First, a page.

2012 Atkin ABM accepted for publication.pdf (353.02 kB)

Non-occupational sitting and mental well-being in employed adults

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journal contribution
posted on 03.11.2015, 14:40 by Andrew J. Atkin, Emma Adams, Fiona C. Bull, Stuart Biddle
Background: Emerging evidence suggests that sedentary behaviour may be adversely associated with physical health, but few studies have examined the association with mental well-being. Purpose: This study examined the association of four nonoccupational sedentary behaviours, individually and in total, with mental well-being in employed adults. Methods: Baseline data from the evaluation of Well@Work, a national workplace health promotion project conducted in the UK, were used. Participants self-reported sitting time whilst watching television, using a computer, socialising and travelling by motorised transport. Mental well-being was assessed by the 12-item version of the general health questionnaire. Analyses were conducted using multiple linear regression. Results: In models adjusted for multiple confounders, TV viewing, computer use and total non-occupational sitting time were adversely associated with general health questionnaire-12 assessed mental well-being in women. Computer use only was found to be adversely associated with mental well-being in men. Conclusion: Sedentary behaviour may be adversely associated with mental well-being in employed adults. The association may be moderated by gender. © The Society of Behavioral Medicine 2011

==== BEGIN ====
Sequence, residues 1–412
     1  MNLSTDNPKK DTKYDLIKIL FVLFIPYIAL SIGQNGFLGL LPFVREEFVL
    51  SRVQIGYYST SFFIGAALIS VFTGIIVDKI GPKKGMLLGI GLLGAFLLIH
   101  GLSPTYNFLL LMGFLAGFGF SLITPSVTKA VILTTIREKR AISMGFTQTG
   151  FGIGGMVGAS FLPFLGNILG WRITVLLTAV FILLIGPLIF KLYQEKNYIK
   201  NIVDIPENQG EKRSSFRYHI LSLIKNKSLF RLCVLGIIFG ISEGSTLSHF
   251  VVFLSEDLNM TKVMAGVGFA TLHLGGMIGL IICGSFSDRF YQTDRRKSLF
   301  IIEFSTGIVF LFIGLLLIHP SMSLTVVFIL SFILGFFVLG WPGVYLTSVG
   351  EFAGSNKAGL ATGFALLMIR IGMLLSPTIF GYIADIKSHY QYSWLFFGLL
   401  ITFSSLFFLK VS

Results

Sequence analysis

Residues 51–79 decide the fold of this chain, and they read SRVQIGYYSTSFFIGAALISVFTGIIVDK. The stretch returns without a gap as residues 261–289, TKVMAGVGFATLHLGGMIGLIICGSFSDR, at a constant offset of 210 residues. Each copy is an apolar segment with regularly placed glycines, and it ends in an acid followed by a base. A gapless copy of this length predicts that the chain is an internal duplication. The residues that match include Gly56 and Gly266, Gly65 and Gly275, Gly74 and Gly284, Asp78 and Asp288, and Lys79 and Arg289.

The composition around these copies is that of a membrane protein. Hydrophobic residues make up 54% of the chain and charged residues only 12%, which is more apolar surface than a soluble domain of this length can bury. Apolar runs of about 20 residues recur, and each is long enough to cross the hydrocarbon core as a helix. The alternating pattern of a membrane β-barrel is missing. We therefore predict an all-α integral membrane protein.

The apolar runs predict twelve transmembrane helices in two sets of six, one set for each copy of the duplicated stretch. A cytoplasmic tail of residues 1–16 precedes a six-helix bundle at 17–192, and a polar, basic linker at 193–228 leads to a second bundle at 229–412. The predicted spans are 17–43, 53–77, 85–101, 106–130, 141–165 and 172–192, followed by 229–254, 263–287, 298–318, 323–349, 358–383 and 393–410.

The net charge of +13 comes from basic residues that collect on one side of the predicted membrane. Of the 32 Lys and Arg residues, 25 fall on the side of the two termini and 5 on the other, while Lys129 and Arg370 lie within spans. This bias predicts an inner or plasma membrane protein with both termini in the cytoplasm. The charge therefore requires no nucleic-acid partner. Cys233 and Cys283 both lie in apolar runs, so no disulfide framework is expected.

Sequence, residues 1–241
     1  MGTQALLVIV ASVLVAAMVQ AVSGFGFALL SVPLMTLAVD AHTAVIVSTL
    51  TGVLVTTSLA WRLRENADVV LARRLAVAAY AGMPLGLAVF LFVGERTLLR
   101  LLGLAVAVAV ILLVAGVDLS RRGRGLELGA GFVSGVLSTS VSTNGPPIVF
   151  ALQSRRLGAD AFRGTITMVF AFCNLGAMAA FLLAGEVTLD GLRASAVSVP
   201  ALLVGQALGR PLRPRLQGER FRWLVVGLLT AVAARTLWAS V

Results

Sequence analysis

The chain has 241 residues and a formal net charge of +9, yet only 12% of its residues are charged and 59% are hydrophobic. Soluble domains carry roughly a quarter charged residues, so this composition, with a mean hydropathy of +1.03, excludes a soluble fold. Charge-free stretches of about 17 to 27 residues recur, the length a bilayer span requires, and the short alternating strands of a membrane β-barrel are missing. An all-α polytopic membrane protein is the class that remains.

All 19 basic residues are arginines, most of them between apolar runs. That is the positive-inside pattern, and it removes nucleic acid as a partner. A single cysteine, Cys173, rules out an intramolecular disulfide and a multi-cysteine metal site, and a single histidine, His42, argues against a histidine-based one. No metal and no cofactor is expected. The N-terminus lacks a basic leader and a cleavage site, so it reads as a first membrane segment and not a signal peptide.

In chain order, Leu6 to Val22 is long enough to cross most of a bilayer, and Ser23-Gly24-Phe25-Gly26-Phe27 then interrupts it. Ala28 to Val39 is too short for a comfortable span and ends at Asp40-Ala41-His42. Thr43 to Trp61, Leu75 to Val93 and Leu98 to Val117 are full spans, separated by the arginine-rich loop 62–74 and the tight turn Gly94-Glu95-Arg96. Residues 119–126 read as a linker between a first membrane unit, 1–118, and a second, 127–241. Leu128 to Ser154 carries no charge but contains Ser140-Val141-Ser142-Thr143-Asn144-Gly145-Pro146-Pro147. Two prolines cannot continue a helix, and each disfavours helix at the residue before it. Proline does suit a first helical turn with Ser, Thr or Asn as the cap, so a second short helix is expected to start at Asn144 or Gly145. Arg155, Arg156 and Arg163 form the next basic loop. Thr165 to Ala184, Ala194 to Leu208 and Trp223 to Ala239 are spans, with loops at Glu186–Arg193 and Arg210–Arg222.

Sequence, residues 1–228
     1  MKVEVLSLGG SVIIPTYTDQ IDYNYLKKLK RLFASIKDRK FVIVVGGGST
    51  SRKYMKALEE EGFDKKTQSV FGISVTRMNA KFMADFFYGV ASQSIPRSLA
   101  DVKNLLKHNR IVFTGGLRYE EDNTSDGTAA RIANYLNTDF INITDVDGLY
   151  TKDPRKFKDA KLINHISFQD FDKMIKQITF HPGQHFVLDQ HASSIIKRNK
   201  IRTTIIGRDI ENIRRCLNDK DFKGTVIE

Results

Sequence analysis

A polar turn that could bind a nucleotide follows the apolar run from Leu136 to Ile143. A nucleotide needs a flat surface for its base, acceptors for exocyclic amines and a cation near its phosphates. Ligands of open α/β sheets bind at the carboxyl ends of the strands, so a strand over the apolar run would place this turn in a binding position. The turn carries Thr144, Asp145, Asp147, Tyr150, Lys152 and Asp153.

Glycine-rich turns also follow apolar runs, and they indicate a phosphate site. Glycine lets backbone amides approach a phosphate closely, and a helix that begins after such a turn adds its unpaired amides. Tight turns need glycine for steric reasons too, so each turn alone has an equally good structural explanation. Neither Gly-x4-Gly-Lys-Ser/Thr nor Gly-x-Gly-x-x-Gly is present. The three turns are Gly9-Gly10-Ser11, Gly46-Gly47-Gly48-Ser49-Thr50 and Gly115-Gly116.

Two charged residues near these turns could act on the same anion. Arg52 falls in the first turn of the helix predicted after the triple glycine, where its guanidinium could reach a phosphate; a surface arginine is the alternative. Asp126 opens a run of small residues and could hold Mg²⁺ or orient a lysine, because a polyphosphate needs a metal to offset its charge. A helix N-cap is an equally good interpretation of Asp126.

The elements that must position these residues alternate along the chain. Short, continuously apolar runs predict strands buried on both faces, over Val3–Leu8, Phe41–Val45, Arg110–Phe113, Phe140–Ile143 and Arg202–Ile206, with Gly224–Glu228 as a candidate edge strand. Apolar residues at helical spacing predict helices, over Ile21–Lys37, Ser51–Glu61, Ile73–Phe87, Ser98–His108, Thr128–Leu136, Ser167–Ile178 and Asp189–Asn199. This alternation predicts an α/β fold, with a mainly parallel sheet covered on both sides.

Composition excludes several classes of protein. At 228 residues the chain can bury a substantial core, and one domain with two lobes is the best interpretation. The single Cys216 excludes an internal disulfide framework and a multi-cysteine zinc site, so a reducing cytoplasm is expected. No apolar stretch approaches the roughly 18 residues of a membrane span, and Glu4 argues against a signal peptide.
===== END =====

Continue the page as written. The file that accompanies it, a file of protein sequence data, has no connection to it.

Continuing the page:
History

School

  • Sport, Exercise and Health Sciences

Published in

Annals of Behavioral Medicine

Volume

43

Issue

2

Pages

181 - 188

Citation

ATKIN, A.J. ... et al, 2012. Non-occupational sitting and mental well-being in employed adults. Annals of Behavioral Medicine, 43 (2), pp.181-188.

Publisher

Springer-Verlag (© The Society of Behavioral Medicine 2011)

Version

AM (Accepted Manuscript)

Publisher statement

This work is made available according to the conditions of the Creative Commons Attribution-NonCommercial-NoDerivatives 4.0 International (CC BY-NC-ND 4.0) licence. Full details of this licence are available at: https://creativecommons.org/licenses/by-nc-nd/4.0/

Publication date

2012

Notes

The final publication is available at Springer via http://dx.doi.org/10.1007/s12160-011-9320-y

ISSN

0883-6612

Language

en

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